Unfortunately, this is the problem with open source. The guy is a bit of a whiney bitch (seriously, don’t give it away if you want money for it), and the level of polish was low. It requires a fairly involved installation and it didn’t play well with CUPS or Samba Print. In short, it was a mess, it was tough to install, the UI was rough, and as of SuSE 10 it didn’t work. I run OpenSuSE 11.1 here, so whenever I needed to print something I either e-mailed it to myself and printed it at work or fed it to the printer after picking up my mail in windows. I figured he would fix it at some point but it looks like he’s decided he’s not going to maintain it without money, so we were all screwed. Finally one day the lightbulb went on.

Gee I download Linux drivers from HP’s enterprise portal all the time, I wonder if the printer is in the enterprise portal?


You have to click through quite a bit but eventually you end up at HPLIP Open Source. And frankly, the HP driver is a lot nicer. For one, it covers printing, scanning and faxing, and for two the UI actually works well. No offense to anyone who actually makes their money out of this but if your open source product gets beat in both functionality and ease of use by the equally free but not open source product… There’s very little reason to continue working. For the curious, it works exactly the same way the ATI/nVidia loader works where the driver is really a loader for a “binary plugin” which handles the communication. Since the plugin is actually the zStream protocol HP uses, any ZJIS/HPLIP printer works. Which is all of them. This is why faxing and scanning also suddenly works in Linux. Good show HP!

Now, there’s one bug I ran into. If you choose “automatic install” it tries to call YAST to uninstall an older version of itself, then it gets hung up with YAST exits with a 1 (error) to indicate it can’t uninstall something which isn’t installed. Simply choose “manual”, spell out what you want out of the installer and when you’re prompted “should we uninstall the old driver?” tell it “no”. The GUI will come up shortly which automatically finds the printer (even on the network!) and downloads the correct plugin. All the settings normally available in the Windows driver are available in the Linux driver (color, black settings, halftoning, picture quality) and the toner monitor works also. All in all minus the yast bit it’s quite nice.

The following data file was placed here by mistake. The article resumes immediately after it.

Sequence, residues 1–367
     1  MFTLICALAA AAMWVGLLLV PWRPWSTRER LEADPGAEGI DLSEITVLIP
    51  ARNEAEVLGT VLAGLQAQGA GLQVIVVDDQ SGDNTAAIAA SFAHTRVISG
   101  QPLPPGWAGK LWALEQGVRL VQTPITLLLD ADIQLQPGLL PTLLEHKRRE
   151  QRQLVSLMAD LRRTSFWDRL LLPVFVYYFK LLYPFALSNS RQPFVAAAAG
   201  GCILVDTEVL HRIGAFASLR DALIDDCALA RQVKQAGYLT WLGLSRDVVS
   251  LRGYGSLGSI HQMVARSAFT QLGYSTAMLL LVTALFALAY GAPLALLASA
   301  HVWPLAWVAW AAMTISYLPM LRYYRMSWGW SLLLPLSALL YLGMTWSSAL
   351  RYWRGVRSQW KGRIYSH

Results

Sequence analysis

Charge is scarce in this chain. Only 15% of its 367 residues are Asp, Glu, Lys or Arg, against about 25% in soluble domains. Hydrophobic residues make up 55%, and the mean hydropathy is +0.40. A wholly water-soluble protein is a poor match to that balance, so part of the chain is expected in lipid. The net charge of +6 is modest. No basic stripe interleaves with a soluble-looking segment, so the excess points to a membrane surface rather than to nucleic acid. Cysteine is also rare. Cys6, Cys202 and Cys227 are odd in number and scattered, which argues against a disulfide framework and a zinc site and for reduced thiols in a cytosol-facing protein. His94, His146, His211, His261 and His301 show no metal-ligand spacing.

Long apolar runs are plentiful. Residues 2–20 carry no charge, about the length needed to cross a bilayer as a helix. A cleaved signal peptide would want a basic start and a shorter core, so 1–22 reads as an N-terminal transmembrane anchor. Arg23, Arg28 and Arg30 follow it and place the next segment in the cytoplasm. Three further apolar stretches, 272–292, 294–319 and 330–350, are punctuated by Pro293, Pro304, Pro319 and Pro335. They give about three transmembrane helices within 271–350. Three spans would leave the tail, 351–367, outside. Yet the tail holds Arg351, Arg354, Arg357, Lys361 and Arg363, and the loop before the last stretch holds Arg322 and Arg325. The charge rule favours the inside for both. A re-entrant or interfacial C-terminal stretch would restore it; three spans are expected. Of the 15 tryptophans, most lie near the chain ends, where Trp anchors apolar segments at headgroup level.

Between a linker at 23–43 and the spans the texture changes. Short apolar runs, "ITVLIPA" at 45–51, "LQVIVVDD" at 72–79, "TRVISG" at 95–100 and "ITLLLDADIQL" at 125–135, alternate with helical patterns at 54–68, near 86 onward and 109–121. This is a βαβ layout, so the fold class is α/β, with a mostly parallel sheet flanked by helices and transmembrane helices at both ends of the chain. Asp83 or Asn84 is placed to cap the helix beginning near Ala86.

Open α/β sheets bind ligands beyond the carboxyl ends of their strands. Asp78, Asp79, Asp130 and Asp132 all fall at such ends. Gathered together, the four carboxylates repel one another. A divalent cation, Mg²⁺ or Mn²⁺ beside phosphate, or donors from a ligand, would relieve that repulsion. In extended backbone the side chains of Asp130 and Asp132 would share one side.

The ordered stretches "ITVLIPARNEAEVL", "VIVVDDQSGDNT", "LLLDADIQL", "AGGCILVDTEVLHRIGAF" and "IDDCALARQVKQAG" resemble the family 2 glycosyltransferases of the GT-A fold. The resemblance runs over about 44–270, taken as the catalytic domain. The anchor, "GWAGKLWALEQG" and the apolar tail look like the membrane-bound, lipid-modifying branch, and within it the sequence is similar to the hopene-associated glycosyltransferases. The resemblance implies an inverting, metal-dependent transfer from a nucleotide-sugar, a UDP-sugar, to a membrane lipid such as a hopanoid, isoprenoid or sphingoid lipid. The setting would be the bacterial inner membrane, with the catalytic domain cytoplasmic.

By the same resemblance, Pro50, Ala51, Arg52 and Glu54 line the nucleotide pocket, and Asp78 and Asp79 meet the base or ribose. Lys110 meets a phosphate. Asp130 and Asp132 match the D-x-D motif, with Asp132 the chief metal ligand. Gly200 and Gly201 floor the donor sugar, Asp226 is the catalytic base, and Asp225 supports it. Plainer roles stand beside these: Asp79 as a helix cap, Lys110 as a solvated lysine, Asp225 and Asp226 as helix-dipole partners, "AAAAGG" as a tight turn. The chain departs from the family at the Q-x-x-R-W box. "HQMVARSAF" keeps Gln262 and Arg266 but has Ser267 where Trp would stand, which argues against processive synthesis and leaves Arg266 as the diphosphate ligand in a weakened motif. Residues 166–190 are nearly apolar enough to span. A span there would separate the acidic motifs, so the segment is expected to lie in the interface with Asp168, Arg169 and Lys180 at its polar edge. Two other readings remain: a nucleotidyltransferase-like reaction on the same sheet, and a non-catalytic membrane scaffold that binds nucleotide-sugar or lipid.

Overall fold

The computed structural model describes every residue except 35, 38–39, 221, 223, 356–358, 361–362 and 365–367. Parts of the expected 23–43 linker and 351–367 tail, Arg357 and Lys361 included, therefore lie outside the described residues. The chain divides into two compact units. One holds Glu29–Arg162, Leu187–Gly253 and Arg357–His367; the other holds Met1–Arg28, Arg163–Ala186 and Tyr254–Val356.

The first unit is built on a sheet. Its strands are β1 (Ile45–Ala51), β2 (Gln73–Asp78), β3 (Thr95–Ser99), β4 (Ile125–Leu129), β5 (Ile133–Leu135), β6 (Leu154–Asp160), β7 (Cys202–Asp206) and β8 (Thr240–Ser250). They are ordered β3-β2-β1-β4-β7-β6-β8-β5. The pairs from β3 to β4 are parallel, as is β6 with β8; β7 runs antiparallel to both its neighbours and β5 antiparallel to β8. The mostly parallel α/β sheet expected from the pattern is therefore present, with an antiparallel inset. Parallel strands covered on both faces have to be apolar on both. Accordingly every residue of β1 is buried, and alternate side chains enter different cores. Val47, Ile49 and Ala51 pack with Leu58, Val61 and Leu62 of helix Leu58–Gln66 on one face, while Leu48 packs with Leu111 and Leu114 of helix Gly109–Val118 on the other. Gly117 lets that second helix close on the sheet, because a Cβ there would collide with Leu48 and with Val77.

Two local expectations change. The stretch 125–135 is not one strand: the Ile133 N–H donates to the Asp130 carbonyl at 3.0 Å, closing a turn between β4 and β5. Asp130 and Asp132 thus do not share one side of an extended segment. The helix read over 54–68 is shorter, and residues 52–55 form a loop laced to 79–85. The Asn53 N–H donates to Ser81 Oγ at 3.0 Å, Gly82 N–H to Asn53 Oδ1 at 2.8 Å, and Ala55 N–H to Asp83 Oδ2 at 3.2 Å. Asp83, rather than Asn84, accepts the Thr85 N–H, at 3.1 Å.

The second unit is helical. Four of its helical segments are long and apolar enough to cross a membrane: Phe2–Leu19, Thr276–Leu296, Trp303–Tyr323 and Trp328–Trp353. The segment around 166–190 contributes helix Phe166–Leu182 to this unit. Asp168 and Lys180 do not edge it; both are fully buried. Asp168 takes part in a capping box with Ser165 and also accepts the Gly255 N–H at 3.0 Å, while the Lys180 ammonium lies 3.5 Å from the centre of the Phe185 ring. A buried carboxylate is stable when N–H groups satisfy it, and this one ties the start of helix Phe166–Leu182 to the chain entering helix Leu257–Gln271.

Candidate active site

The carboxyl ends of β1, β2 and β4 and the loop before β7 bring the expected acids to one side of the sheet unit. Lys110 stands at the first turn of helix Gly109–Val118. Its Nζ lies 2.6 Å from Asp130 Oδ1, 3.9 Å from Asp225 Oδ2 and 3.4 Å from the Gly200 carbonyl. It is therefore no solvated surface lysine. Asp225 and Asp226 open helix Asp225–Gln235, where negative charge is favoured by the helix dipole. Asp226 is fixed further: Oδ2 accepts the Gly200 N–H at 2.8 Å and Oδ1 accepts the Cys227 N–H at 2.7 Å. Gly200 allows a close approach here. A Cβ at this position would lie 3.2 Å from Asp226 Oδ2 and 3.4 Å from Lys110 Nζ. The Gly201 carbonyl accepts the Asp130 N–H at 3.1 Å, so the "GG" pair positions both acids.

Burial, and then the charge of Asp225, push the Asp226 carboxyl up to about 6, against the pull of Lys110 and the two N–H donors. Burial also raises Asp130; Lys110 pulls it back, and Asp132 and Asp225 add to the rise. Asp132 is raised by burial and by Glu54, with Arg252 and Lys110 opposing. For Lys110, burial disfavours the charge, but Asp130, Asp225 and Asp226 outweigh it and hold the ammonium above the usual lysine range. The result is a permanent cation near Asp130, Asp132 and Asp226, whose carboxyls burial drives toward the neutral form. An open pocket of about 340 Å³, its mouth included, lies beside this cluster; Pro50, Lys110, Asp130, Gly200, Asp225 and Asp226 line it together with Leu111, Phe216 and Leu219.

The HP 2600N shows up on ebay on the cheap. They were popular among the soho crowd for awhile then newer printers printed faster so these were discarded. I got mine for a penny from a liquidator and ended up paying $80 to ship it since it’s heavy as hell. If you do buy one, buy a sealed one so it comes with the toner. Mine wasn’t, and it didn’t come with toner carts, which is another $100 out the door for the HP ones or you can get them for $10 a pop (times four, black yellow cyan magenta) from a refiller. Or you can refill your own, the kits are cheap and the ones from the refiller are pretty rough.

Now, the only thing that sucks is the printer will complain about the toner being low, especially if you use non-HP products. Be sure to use the TONER OVERRIDE command and suddenly your toner will last twice as long.

All in all if you can get past the rough spots, and it’s pretty easy compared to setting up a lot of other stuff, the HP 2600N is a strong buy for network printing and Linux needs.